The Growth Budget 2023

The Growth Budget 2023

UK Households £26,000 with Growth Budget

  • The new long term forecast shows, with unchanged policies, UK GDP per capita growth is likely to
  • remain only 1% for 20 years, whilst hitting a record high tax burden
  • Growth Budget would put the country back on track with policy proposals across planning, net zero
  • and infrastructure, tax and spending that can boost GDP by 23% by 2043
  • Additional GDP growth of 23% puts, on average, £11,300 more in every person’s pocket and £26,000 per household by 2044
  • Growth Budget would deliver £377 in additional GDP per capita in 2024, £990 in 2025 and £1,870 in 2026.
  • The Growth Commission will host a Growth Budget event at 11am on the 14th of November, to attend the event please contact

Tuesday, 14th November 2023 The Growth Commission has published its Growth Budget providing a new dynamic economic analysis of the UK economy and its prospects ahead of the Governments Autumn Statement.

The Growth Budget lays out a 20-year economic forecast as well as a set of growth focussed policies alongside analysis of their long-term impact on GDP and GDP per capita. The Growth Budget forecasts: GDP per capita growth stagnating at an average of 1% over the next twenty years on unchanged policiesGap between US and UK household income to rise to 68.5% by 2044, or £76,800, up from 55% in 2022.Fiscal drag and unanticipated inflation mean that the tax burden is likely to rise to a high (excluding war time) of 42.3% of GDP by 2027/28, vs. 38.9% in 2021/22, equivalent to a 9p rise in income tax.Both the deficit and borrowing are forecast to fall but the long-term borrowing profile may not be sustainable, given the high tax burden and sluggish growth in living standards that is projected. Douglas McWilliams, Co-Chairman of the Growth Commission and Deputy Chair of the CEBR, commented on the report:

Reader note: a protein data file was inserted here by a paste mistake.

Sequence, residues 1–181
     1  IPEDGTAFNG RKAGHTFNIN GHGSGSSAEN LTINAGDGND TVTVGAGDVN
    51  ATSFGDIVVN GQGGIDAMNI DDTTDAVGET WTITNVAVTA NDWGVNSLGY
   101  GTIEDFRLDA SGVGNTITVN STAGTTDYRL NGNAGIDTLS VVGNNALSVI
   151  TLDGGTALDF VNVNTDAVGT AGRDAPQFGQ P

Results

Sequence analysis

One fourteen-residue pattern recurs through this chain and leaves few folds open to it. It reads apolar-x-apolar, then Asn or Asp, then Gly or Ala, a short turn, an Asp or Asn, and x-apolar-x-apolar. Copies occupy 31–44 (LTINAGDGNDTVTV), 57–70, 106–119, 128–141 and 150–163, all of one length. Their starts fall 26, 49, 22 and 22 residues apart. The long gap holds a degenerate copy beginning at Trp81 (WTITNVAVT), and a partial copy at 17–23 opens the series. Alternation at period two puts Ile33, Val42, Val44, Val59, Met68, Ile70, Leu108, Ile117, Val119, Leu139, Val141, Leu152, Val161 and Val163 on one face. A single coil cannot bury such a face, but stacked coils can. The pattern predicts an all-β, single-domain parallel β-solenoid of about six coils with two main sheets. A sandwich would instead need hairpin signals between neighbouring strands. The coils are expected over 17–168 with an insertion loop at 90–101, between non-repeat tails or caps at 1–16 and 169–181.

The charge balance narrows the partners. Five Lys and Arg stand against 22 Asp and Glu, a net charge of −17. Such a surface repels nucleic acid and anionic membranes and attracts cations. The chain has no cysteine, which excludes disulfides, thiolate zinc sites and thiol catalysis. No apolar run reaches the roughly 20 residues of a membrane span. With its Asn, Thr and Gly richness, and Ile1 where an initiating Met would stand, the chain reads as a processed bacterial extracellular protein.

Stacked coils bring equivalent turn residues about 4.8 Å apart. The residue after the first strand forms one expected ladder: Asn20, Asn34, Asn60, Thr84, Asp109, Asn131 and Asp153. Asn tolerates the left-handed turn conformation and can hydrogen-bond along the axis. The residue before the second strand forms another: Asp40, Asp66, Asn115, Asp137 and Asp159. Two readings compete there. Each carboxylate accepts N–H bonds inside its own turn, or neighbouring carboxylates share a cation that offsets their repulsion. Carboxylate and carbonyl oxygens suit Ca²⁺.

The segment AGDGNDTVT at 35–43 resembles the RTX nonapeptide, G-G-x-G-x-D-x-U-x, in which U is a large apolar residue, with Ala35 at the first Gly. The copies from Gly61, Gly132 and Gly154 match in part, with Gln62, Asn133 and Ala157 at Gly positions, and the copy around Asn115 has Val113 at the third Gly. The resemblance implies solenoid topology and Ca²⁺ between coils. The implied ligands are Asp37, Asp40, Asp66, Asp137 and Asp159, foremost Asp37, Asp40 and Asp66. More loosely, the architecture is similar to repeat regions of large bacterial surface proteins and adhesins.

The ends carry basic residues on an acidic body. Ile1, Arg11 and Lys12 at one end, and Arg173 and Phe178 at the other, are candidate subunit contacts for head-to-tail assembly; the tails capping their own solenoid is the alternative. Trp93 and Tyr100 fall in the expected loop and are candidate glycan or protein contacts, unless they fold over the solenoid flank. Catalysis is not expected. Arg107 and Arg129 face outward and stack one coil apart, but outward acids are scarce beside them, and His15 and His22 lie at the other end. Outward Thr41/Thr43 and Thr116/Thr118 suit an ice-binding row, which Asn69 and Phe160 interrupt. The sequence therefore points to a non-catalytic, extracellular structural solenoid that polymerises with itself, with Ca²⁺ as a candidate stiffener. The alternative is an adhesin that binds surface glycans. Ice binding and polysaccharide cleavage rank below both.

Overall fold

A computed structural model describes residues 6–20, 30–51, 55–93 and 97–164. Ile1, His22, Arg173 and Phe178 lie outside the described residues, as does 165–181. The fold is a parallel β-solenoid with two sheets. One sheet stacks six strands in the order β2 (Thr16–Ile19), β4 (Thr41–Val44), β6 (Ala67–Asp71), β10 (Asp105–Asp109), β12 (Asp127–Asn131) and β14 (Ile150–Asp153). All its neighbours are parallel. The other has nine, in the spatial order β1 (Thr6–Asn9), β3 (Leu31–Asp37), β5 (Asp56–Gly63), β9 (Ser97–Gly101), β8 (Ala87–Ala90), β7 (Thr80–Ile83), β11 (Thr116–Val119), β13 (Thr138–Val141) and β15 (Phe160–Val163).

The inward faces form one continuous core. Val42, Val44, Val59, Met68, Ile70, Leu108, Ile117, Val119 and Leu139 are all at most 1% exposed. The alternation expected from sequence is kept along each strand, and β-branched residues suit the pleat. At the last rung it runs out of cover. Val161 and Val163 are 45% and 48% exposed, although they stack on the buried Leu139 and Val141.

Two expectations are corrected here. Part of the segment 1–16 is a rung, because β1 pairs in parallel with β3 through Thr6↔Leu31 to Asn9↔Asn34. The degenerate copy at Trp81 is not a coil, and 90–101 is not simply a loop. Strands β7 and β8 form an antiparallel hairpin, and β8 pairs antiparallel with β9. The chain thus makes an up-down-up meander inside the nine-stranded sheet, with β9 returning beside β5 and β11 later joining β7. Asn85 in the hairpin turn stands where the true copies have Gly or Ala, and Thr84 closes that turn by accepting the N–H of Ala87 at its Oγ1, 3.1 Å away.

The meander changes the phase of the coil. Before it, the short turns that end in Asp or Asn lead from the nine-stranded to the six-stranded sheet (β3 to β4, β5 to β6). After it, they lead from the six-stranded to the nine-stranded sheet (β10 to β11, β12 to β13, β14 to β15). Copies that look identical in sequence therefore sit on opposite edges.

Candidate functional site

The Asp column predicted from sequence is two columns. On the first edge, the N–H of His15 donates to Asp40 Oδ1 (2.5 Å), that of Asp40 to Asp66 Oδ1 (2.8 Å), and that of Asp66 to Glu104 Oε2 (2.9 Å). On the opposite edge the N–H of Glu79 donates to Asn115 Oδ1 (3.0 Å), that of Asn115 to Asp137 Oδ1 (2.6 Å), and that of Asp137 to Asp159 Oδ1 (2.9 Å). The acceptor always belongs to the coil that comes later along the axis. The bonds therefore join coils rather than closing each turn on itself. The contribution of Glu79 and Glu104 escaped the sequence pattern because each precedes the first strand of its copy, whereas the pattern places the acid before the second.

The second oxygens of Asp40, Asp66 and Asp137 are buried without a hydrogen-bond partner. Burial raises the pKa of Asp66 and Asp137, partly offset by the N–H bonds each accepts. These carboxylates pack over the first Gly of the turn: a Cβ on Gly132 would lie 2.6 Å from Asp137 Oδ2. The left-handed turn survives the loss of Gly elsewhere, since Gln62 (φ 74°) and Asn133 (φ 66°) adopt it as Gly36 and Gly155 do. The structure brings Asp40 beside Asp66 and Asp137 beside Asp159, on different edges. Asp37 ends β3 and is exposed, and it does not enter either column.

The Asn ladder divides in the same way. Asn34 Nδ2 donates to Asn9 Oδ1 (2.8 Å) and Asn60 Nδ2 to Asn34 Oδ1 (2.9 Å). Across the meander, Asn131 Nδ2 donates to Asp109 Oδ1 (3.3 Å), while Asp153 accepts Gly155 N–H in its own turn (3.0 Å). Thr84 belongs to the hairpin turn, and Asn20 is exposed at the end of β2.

“Short-term decision making has delivered stagnation. We cannot ignore this and we can’t sustain it. We can see twenty years of stagnation with a record tax burden. Something will have to give, whether it is employees resisting falling living standards or markets refusing to buy more and more debt. We need policies to be genuinely long-term in their ambition and aggressively target growth. Today we have suggested a plan that can reverse the trend to stagnation, that can make a huge impact to our economy and people’s lives. Governments, of any political persuasion, need to be bold in targeting growth whether that is in supply side reform, productivity raising or reducing taxation.”

Shanker Singham,

The Growth Commissions work shows that the UK does not have to remain on the currently projected economic track. We can and must change this trajectory so that the British people can see their incomes rise and their quality of life improve.Our economic models show that the supply side and regulatory reforms are at least as important if not more important to generate growth than tax and fiscal choices. We have identified those areas where the UK is a poor performer and worked out what would happen if that performance was improved to the level of the best performing country. What we have found is that significant potential for economic growth is still on the table. Far from being an optional extra, regulatory reform can yield significant growth opportunities that are much higher than many economists had hitherto thought.

The Growth Budget policy proposals

This dismal outlook is not predetermined. The Growth Budget has used its new economic model to analyse the long-term growth impact of a series of policy proposals.The proposals together, could deliver a 23.4% boost to UK GDP by 2044 above the current forecast. The additional growth plus the impacts of the policies recommended will move the Government finances into surplus and bring down debt as a share of GDP to 60%by 2044. The list of initial policy proposals have been outlined in brief below. Further detail on the proposals and their impact over time on GDP per capita and GDP have been modelled and provided. There is further information on each proposal in the report.

Supply-side and Regulatory Reforms